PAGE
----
I love Google+. I’ve been on it for 24 hours now, thanks to my friend John Schultz, and I can safely say it takes the best of what Facebook stole from Twitter and wraps it up in a clean and fresh interface. It lacks the distractions of apps and ads and focuses on the most useful component of any social network: the news feed.
While Google brings some heavy ammunition to bear on the social network problem, we’ve seen in the past that the best idea doesn’t always win. Look at FriendFeed or Cliqset. Both were products that offered interesting approaches, solutions superior to existing offerings. The problem that each suffered was the same. Neither was Facebook. Neither was Twitter.
I have a bunch of friends who are happy with feature phones. They’re lucky if they have a Facebook account so they can post about how much they hate technology. They don’t understand Twitter, much less have an account. They’d rather mock the silliness of the name than spend time trying to understand the value that it brings.
I’m not going to spend time typing the same recycled thoughts that you can read on a thousand different blogs. Google+ reviews abound, most coming to the conclusion that it’s cute and Google is big, but that there isn’t anything we haven’t seen before. Google+ is a repackaging, they’ll tell you, of the same now-standard feature sets that originated with Friendster and MySpace.
What I will say is that what was tough before is now becoming impossible. I was already having to carefully meter the attention and time I spent on Facebook and Twitter, never feeling caught up with either service. As Google+ enters the ring, it’s going to be even more difficult.
The answer to the social networking challenge was syndication, according to myself and others. Since nobody has time to spend all day on social networks, the solution was to post to one and have it syndicate that update to the other networks. I currently have my tweets post to Facebook and my blog. My pictures I send to yFrog end up on my blog and on Twitter and on Facebook. It’s not the best solution, but it’s better than having to post the same content manually to each service.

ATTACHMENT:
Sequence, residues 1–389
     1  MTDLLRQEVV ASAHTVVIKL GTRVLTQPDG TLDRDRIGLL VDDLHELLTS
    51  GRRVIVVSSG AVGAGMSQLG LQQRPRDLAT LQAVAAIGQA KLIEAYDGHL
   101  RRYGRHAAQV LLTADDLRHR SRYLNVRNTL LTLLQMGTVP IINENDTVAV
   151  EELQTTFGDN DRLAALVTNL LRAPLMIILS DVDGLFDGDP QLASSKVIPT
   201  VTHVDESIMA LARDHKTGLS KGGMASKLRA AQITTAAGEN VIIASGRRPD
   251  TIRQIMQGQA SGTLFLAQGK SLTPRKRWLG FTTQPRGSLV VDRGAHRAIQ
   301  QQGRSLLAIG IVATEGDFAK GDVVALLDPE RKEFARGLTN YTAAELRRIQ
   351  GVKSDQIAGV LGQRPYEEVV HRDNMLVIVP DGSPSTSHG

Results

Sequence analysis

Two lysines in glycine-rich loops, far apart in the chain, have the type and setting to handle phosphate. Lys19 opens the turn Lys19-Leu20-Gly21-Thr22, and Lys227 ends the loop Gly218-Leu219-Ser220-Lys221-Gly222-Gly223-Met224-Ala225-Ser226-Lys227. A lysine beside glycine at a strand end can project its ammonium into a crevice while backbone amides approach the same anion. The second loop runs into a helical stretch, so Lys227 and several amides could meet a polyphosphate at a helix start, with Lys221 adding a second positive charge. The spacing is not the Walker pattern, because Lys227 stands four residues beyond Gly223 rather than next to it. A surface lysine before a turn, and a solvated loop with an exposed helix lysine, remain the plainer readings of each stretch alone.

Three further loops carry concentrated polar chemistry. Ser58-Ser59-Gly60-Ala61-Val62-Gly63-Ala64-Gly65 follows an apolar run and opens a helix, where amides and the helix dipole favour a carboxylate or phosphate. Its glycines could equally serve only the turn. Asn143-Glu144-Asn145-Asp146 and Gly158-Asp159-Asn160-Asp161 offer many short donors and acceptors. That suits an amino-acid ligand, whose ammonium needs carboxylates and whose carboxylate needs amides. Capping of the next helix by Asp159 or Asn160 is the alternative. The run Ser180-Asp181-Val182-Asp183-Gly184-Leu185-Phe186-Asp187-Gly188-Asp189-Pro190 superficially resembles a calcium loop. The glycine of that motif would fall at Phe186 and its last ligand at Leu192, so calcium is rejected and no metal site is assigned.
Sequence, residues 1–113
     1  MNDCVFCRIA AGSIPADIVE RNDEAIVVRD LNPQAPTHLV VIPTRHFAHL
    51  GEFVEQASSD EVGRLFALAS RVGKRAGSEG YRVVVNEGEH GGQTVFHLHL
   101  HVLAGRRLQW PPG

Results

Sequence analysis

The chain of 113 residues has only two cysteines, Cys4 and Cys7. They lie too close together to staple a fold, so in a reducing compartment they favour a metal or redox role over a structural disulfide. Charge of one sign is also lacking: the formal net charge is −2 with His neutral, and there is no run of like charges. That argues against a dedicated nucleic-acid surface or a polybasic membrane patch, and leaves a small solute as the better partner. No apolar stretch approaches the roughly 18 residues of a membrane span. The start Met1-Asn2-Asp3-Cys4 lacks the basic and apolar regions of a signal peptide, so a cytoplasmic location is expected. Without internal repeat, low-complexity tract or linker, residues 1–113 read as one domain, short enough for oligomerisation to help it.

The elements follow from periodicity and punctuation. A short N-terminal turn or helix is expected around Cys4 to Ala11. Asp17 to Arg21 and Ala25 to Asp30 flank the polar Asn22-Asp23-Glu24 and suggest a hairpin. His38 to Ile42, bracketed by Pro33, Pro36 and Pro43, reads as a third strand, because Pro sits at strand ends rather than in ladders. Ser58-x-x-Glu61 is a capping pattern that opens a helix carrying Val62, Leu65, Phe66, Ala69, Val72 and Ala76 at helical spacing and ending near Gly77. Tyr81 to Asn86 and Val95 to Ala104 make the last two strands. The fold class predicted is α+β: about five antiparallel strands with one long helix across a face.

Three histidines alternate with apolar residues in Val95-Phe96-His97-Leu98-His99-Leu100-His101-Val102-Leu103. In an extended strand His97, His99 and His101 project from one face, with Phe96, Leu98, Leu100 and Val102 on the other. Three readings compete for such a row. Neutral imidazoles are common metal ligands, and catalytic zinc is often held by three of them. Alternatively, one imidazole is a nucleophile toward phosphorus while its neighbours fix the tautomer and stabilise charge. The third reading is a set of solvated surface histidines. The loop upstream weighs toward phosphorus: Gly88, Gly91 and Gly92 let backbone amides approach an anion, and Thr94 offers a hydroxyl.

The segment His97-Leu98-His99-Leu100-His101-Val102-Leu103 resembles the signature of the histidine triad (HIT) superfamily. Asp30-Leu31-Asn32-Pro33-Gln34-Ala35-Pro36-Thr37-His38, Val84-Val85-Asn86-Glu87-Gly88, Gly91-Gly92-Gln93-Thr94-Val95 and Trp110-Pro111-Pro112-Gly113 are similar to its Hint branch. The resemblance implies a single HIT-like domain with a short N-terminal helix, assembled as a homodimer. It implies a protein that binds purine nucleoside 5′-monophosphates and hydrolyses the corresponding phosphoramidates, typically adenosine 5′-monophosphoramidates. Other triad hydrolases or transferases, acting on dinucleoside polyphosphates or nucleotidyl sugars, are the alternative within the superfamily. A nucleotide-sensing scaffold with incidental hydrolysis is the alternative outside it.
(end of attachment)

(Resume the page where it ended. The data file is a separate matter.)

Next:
The problem with syndication is that it fractures the interactions. I’d tweet and get some replies on Twitter. That tweet would simultaneously be posted to my Facebook profile where it would get some comments. The twitter replies were ignorant of the Facebook comments and vice versa, causing a fractured conversation.
We’ve seen the problems of walled gardens. AOL and Compuserve and Prodigy each had proprietary content generated by their respective users. In the end, their models changed, and each began allowing users to access the community content that was the Internet, focusing on providing access and an interface to that community content.
The same decentralization must happen with social content. The posts and pictures and comments that we generate on each service must be accessible to users of other services. I should be able to tweet and have you see it on Facebook. Your comment that you leave on Facebook should be visible on Google+ where someone else should be able to comment.
We’re a long ways away from parity of function between services. It’s coming. It must. When we elect to use a service, it should be because that service provides the most compelling interface to the underlying social layer on the public Internet.